BOISE, Idaho — Boise's affordable housing crisis has caught the attention of a national study, which highlights the City of Trees and argues that federal and local governments must work together in order to come up with a solution to the housing shortage nationwide.

The City of Trees was one of 15 towns examined by the National League of Cities in the study, titled 'Homeward Bound: The Road to Affordable Housing.'

Although many different factors contribute to a lack of affordable housing nationwide, fast-growing cities like Boise typically face the hurdle of wages that lag behind newly-ballooning housing costs, leading to a scarcity of homes that most residents can afford. 

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According to the study, despite strong job growth in the Treasure Valley "close to half of renters in Boise are considered 'costburdened,' spending more than 30 percent of their income on housing." 

Measures like shrinking lot sizes, creating a land trust to conserve affordable housing and offering more incentives for developers who agree to build low-cost housing could be the path forward to grappling with Boise's housing shortage, the study says, pointing to the goals of the city's Grow Our Housing Initiative.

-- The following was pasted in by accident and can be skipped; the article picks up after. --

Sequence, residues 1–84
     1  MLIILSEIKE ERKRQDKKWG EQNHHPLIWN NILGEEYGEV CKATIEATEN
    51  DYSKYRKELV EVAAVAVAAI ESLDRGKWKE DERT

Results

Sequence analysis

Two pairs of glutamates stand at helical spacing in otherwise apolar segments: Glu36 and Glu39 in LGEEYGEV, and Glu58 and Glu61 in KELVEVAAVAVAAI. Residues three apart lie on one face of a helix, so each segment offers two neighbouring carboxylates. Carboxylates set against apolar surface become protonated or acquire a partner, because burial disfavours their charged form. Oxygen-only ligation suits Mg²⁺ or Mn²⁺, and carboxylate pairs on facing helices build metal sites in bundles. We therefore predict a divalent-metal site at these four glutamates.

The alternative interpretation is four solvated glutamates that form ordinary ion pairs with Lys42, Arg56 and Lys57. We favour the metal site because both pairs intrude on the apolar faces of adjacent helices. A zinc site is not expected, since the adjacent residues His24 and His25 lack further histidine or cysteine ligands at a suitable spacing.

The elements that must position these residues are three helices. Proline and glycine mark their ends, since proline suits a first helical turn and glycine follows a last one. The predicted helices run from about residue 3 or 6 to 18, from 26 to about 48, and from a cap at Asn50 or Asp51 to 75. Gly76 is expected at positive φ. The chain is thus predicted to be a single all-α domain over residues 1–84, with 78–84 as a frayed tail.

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"Despite the clear direction and commitment of local leadership, Boise faces significant challenges, including anti-growth groups that advocate for slower change," the case study for Boise reads. "In addition, state government prohibits the city from making use of inclusionary zoning or issuing a voter-approved tax levy for the expansion of local bus services linking residents to jobs in the area."

To read the full study, click here.